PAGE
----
A Sense of Place: Penryn

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Penryn harbour

Penryn harbour

In January I visted Penryn, the small town on the south coast of Cornwall that I lived in for six months whilst studying my MA. It is situated on the Penryn River and rises up from the harbour. The older parts of Penryn – those little white cottages and winding, narrow lanes we associate with Cornwall – are mainly focused around the lower parts of the town and the town centre. The exception being a few newer apartments built along Budock Creek, which feeds in to the Penryn River. Read More »A Sense of Place: Penryn

A Sense of Place

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“…a culture’s most cherished places are not necessarily visible to the eye – spots on the land one can point to. They are made visible in drama – in narrative, song, and performances. It is precisely what is invisible in the land, however, that makes what is merely empty space to one person a place to another. The feeling that a particular place is suffused with memories, the specific focus of sacred and profane stories, and that the whole landscape is a congeries of such places, is what is meant by a local sense of the land.”

— Barry Lopez, Arctic Dreams.

My MA was called Writing, Nature and Place. The ‘writing’ and ‘nature’ parts are always fairly easy to explain to people, but they are generally a little more unclear about the ‘place’ part. Usually, for convenience, I just say that it was a nature and travel writing course. However, travel writing doesn’t really cover what is meant by writing about place. Isn’t place just location? someone asked me. I agreed that it probably is, but on reading the above quote from Barry Lopez’s Arctic Dreams I began to  realise that I had been wrong. Location is just space, place is something that belongs to that space and yet is much more subjective.Read More »A Sense of Place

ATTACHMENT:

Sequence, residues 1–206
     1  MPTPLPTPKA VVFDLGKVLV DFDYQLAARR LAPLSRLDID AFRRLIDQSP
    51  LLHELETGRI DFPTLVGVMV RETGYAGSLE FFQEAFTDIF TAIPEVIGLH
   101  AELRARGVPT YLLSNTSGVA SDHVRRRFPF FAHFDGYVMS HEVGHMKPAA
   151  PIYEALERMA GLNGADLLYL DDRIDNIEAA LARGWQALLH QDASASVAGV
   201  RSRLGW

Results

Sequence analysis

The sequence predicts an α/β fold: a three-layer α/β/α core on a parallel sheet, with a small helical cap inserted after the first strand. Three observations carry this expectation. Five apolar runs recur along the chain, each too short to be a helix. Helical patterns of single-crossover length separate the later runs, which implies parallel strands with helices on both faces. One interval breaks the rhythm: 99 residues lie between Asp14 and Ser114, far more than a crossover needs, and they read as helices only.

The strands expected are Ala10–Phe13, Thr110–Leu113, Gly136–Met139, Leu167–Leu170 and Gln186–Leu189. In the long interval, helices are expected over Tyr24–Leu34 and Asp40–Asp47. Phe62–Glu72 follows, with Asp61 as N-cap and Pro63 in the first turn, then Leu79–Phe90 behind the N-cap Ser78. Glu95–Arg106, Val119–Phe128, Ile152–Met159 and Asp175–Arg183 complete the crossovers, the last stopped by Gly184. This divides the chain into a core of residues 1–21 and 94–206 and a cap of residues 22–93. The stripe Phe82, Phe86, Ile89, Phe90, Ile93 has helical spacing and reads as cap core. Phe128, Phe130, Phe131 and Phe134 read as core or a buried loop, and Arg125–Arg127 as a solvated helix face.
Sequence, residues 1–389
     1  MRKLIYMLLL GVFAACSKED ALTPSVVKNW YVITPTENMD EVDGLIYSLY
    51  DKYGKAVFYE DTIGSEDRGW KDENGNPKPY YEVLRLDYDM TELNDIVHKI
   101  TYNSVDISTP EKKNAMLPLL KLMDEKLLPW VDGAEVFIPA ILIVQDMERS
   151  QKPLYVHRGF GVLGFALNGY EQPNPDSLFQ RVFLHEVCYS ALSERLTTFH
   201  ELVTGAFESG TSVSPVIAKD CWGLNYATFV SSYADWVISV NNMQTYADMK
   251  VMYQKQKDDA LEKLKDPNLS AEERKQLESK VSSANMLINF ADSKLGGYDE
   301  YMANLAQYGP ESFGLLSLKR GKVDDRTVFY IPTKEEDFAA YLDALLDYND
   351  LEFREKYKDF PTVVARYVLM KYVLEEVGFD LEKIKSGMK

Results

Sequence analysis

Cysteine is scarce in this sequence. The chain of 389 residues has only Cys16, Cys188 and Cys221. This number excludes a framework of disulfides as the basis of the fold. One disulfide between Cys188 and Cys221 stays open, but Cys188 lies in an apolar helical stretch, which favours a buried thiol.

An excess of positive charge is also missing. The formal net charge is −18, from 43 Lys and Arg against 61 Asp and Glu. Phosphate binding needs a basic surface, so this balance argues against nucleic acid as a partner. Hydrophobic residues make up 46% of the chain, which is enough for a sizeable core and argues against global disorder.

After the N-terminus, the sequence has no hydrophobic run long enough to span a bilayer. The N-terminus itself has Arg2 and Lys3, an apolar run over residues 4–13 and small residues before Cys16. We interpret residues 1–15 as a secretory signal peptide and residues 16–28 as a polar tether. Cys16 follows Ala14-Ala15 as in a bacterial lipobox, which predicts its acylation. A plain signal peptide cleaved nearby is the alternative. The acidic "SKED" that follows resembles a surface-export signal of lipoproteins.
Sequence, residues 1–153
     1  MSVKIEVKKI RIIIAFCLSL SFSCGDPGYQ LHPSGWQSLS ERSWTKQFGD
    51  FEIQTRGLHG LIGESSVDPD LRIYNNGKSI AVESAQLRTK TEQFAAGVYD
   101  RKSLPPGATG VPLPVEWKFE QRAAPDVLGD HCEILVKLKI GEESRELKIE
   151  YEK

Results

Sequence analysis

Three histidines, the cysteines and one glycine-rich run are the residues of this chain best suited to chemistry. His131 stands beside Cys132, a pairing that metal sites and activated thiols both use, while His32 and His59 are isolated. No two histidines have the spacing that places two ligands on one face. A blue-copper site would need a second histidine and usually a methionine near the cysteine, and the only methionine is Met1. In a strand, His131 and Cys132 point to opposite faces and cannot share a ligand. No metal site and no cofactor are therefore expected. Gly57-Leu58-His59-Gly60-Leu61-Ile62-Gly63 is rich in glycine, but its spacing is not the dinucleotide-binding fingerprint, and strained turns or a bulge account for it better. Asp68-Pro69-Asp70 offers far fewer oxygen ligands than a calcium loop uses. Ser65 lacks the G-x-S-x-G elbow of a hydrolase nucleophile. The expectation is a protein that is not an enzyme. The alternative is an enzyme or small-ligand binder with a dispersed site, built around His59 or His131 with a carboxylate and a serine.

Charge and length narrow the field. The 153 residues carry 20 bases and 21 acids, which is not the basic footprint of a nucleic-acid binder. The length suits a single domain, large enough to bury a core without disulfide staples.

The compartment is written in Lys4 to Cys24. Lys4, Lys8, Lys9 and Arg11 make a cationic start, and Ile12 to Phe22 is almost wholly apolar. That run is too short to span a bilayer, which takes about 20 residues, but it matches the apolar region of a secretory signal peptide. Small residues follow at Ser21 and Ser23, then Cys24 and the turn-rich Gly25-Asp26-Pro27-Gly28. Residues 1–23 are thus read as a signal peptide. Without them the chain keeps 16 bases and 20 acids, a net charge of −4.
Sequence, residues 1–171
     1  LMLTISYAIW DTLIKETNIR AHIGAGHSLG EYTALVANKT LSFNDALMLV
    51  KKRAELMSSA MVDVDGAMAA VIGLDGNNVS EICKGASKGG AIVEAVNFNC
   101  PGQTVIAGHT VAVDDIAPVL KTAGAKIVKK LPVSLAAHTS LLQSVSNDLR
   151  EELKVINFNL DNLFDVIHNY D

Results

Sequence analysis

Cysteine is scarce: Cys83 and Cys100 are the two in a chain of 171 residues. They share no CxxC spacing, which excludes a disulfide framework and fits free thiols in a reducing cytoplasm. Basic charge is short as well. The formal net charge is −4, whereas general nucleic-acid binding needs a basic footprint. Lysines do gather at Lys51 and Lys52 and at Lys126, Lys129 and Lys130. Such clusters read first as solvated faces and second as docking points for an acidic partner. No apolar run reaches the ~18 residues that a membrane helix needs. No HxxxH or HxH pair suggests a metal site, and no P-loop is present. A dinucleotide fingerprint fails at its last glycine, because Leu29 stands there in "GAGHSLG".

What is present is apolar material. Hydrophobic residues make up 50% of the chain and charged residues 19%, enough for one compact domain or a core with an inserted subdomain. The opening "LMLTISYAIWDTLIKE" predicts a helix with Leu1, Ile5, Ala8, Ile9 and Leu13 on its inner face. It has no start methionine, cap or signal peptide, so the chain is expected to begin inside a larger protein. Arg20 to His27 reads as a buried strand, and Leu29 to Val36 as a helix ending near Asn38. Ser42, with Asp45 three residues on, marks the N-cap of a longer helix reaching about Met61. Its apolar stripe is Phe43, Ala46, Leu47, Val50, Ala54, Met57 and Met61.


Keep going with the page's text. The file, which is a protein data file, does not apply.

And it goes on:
Goodbye 2011

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Me pointing from the highest point on the Gothenburg archipelago

Me pointing from the highest point on the Gothenburg archipelago

I’ve been reading Caught by the River a lot at the moment and I was quite taken with their Shadows & Reflections posts – brief reviews of the past year by various people – and decided it would be a good idea to do a similar thing on my own blog.

All in all I’d say 2011 was a good year. It was a year of travels and new places. On 1st January I was in a quiet corner of Maine and enjoyed more snow than I have probably ever seen before. I had the chance to go sledging with real sledges (as opposed to tea trays), but didn’t build any snow men. As if one trip to the US wasn’t enough I also had the chance to go over again later on in the year. On my second trip I saw Baltimore and Washington D.C. The White House was smaller than I expected, but the Lincoln Memorial was bigger.Read More »Goodbye 2011